This beer has multiple smells. There is a lemon quality with a slight mustiness that reminds me of extremely fresh plucked fruit. Most likely due to the inoculation of the Brettanomyces, but I can't be sure, there is band-aidy or leatheriness characteristic within aroma.
The initial taste of this beer was amazing for two distinctive reasons: SUPER FUNK and expertly balanced hops at the end of the taste. Within this truly intriguing super funk there are subtle complexities of earthiness, lemon citrus and slight peppery notes. One of the most complex beers I have had the opportunity to enjoy.
The mouthfeel is light-to-medium in body with high levels of carbonation. Some people may not like this amount of carbonation, but I loved it. The constant pricks allowed for the subtle complexities to assert themselves in the taste profile.
Saison-Brett is in a league of its own within American saisons. At 8.5% ABV, its alcohol content is high, but is deliciousness is resounding. Due to its high ABV, all you need is one truly amazing pint.
In the words of RandumInk, "It's Stupid Good!".  


Sunday, November 20, 2011

Allagash Brewing Company - Allagash White

There are many notable breweries located in New England, but Allagash Brewing Company is clearly in the upper echelon. Within this elite tier, Allagash has created a portfolio that is based in Belgian beer styles or an American interpretation of these historic styles. Throughout the development of this amazing portfolio, one beer has remained the staple since Rob Tod open the doors in 1995 -  Allagash White
After a very forceful pour, there is a very big, bubbly head that quickly receded and coated the glass. This witbier was straw-yellow in color and very cloudy.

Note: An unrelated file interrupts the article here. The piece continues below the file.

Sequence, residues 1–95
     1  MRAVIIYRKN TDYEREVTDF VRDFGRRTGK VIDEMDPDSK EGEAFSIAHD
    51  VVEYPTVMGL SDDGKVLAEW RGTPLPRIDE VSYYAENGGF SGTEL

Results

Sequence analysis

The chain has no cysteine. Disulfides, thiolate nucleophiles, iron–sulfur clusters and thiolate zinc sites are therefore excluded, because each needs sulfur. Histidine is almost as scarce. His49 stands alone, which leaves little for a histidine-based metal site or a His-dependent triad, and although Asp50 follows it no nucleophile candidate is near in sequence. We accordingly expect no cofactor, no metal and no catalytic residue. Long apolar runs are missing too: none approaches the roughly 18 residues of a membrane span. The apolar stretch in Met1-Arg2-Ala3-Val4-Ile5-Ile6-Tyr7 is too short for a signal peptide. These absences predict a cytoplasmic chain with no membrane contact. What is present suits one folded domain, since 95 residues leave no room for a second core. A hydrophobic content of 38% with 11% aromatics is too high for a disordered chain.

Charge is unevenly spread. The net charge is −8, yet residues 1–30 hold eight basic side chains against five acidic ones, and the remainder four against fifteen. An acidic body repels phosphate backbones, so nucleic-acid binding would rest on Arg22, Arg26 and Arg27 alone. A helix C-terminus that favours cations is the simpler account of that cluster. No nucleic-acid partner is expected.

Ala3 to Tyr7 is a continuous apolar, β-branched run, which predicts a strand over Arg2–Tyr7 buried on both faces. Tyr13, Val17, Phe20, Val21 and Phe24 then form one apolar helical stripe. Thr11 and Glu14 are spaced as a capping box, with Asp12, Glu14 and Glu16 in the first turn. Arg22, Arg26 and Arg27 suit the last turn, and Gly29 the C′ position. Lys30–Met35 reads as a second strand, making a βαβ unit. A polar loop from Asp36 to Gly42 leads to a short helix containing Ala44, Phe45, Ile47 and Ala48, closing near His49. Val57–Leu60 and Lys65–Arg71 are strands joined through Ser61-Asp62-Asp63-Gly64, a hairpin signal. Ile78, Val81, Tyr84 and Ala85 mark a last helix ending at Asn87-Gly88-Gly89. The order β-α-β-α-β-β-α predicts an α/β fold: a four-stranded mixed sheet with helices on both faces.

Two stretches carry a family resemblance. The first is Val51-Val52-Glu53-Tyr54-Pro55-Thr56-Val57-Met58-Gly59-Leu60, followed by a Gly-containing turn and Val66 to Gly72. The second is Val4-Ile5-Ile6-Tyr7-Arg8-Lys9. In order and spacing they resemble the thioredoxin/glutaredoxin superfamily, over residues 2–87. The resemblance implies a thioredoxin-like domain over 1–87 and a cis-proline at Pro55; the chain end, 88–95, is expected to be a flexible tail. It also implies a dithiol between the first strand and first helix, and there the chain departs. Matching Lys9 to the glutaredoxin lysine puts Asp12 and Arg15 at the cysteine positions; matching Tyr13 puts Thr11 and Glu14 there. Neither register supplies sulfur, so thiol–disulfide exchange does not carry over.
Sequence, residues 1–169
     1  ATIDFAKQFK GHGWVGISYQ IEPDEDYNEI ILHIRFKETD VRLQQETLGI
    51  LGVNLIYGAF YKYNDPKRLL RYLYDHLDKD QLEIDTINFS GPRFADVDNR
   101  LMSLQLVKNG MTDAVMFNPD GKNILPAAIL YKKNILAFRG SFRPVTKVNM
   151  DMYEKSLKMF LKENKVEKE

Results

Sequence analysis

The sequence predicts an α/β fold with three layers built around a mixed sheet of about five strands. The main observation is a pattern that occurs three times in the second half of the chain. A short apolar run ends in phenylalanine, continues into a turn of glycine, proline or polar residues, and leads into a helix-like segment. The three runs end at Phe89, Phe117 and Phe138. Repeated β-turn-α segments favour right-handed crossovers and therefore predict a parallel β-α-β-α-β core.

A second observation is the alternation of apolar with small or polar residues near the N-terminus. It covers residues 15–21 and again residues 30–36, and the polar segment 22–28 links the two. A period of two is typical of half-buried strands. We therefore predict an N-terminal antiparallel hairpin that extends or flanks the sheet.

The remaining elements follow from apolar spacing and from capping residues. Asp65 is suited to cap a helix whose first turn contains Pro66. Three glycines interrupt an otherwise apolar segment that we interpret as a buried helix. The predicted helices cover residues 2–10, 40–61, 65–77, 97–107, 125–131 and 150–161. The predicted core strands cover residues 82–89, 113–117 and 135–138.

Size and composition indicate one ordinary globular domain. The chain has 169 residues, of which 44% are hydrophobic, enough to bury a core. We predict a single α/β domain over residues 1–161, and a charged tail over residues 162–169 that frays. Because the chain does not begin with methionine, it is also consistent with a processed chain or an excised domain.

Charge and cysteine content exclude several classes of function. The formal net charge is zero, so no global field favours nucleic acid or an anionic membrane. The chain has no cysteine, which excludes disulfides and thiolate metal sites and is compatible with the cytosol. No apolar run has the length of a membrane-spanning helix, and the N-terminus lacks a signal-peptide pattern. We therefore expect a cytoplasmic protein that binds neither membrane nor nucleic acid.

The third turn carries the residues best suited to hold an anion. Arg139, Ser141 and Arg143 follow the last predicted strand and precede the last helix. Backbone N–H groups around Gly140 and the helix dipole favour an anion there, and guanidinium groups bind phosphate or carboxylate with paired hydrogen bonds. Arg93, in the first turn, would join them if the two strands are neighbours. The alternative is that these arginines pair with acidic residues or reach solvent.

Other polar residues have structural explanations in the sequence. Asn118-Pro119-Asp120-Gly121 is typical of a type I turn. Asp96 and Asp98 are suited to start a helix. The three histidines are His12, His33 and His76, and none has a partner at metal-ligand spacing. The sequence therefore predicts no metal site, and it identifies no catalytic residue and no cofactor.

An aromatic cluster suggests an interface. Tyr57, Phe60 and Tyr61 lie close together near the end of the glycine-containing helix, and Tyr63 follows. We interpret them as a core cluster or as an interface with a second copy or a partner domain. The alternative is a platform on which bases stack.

The aroma wafting from this beer was very bright and inviting. There is a beautiful marriage between lemon and orange notes. As the beer warmed, new fruit esters of pear and apple entered into the smell.
From the first sip to the last mouthful, Allagash White is very flavorful. The flavor profile is dominated by lemon and banana. After the initial banana and lemon notes, pepper notes and faint pear began to appear with the taste adding a very nice complexity. 
As a beer lover of silky or viscous body, I think the mouthfeel of Allagash White is its best quality. The slightly chewiness lead to a medium body with the appropriate amount of carbonation, moderate. 
Allagash White could quite possibly be the best flagship beer in New England. I know some people gravitate to Pretty Things' Jack D'Or or to Smuttynose IPA, but this beer can definitely stand up to any flagship contenders. Its 5%ABV and pleasant taste make Allagash White great for any time throughout the year. 


Wednesday, November 9, 2011

Moat Mountain Brewery and Smokehouse - Moat Mountain Brown (Bear Peak Brown)

Last weekend, my wife and I ventured into unknown territory for us, Northern New Hampshire. Located two-and-half hours north of Boston, nestled in the scenic White Mountains is a quaint-small town, North Conway. North Conway is best known for its outlet shopping, Settler's Green, however the food culture is what deserves the most praise and Moat Mountain Brewery and Smokehouse is at the heart of the under appreciated food culture. Situated at the base of a snow-capped mountain, a beautiful yellow colonial style home houses this purveyor of delicious beer and barbeque. A very welcoming hostess and wait staff allow the customer to feel instantly at ease. This comfort was present in the attentiveness and knowledge of our server who, based on my questioning, lead me to a wonderful dry stout. At the end of the meal, in which a california burger was completely devoured, Em and I decided to take a growler of the Moat Mountain Brown (she had a pint during lunch) back to Boston.